Hankins isn't an explosive game-breaker. He will never be the player who whizzes past opposing offensive linemen, but he has a nice array of pass-rush moves that allow him to get solid pressure on the quarterback.

    Where Hankins shines is with his work against the run.

    Harrison typically took on the responsibilities of the nose tackle, leaving Hankins as a heavy 3-technique, which was difficult to run against. A team that already has speed at defensive tackle would be smart to put in a bid for Hankins to mix and match along its defensive line.

    If Atlanta combined Hankins with Grady Jarrett and Ra'Shede Hageman for the foreseeable future, it would shore up the middle of that defense. Hankins would also fit well next to explosive players like Philadelphia's Fletcher Cox, New Orleans' Sheldon Rankins and Cincinnati's Geno Atkins.

             

    Doug's Quick Take

    Hankins would be a splendid addition to any heavy front looking for a killer combination of strength against double-teams and surprising explosiveness to pressure. His ability to rip through guards and centers to get consistent pressure is Hankins' most unique feature for his size—you simply don't see too many 6'2", 320-pound men who can get through the pocket as quickly as he can.

    Hankins' best bet would be to stay with Big Blue and the awesome Harrison, but the Giants may price themselves out of the equation after Olivier Vernon and Harrison's deals, and Jason Pierre-Paul's free-agent status.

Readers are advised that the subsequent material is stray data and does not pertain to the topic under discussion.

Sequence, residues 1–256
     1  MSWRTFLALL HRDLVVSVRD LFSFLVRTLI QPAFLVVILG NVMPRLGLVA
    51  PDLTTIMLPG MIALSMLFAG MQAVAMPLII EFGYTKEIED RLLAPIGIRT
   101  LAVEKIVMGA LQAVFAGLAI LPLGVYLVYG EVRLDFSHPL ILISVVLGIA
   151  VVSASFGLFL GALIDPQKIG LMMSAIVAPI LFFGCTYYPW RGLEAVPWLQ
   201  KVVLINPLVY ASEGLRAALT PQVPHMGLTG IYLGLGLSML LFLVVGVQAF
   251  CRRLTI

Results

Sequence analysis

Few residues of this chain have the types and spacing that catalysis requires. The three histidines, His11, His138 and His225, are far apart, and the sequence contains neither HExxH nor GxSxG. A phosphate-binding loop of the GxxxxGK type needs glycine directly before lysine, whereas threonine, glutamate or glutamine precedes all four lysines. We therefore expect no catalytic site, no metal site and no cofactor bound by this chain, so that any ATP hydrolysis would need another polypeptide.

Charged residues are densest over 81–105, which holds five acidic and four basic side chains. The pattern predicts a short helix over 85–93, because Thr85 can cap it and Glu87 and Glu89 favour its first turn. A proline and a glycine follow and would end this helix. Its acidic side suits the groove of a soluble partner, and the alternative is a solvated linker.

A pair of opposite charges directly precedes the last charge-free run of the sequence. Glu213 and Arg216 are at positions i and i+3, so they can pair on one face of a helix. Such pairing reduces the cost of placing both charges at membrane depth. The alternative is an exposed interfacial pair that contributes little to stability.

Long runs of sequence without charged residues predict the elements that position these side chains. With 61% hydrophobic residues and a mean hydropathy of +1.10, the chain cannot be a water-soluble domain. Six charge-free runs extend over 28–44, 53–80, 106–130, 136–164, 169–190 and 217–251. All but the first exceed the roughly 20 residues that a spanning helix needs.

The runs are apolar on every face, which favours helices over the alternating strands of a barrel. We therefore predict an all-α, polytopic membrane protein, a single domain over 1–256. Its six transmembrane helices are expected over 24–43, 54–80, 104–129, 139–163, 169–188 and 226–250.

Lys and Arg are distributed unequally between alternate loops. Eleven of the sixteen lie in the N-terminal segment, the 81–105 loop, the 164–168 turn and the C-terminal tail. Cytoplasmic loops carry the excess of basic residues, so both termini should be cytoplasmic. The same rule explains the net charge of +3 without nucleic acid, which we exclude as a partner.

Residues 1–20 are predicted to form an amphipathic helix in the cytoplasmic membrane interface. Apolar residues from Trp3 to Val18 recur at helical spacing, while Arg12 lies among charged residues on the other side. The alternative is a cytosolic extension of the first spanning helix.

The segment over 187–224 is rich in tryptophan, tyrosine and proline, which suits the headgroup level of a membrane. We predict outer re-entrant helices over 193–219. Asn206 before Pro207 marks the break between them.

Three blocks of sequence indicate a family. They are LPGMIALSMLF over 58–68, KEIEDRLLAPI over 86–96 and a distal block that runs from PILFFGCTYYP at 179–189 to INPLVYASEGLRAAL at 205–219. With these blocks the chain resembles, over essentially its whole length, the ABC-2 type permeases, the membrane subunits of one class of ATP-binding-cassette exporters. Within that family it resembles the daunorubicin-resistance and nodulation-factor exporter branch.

Potential Suitors: Cleveland Browns, Atlanta Falcons, New Orleans Saints, Philadelphia Eagles, New York Giants, Cincinnati Bengals

2. Nick Fairley

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    Joe Robbins/Getty Images

    NFL1000 Scores 

    Snap Explosion: 18.3/25
    Pass Rush: 16.8/25
    Run Defense: 17.8/25
    Tackling: 12.7/15
    Positional Value: 7/10 
    Overall: 72.3/100
    2016 NFL1000 Defensive Tackle Rank: 10/99

             

    NFL1000 DT scout Charles McDonald

    Nick Fairley has always flashed big-time potential and talent, but he's never had the consistency needed to vault himself into the upper echelon of defensive tackles. Fairley was finally able to put together a (mostly) consistent season, finishing as NFL1000's No. 10 defensive tackle.

    When Fairley is locked in, he can be one of the most dominating players in the game behind Aaron Donald, Geno Atkins and Fletcher Cox. He still has the rare athleticism that made him coveted as a first-round pick in 2011 by the Detroit Lions, but also much fewer mental lapses than in the past.

    Once rookie Sheldon Rankins returned from a leg injury midseason, he and Fairley immediately combined to be one of the best defensive tackle duos in the NFL. They interchanged between the 1-technique and the 3-technique, and both did a phenomenal job of stuffing the run. New Orleans was extremely difficult to run on when both Fairley and Rankins were in the game, and the Saints may be interested in keeping that chemistry together.

    If Fairley does end up hitting the market, there are plenty of teams that will be lining up to sign him. Atlanta, Oakland, New Orleans and Cincinnati make the most sense for Fairley from an organizational standpoint and a needs perspective.

             

    Doug's Quick Take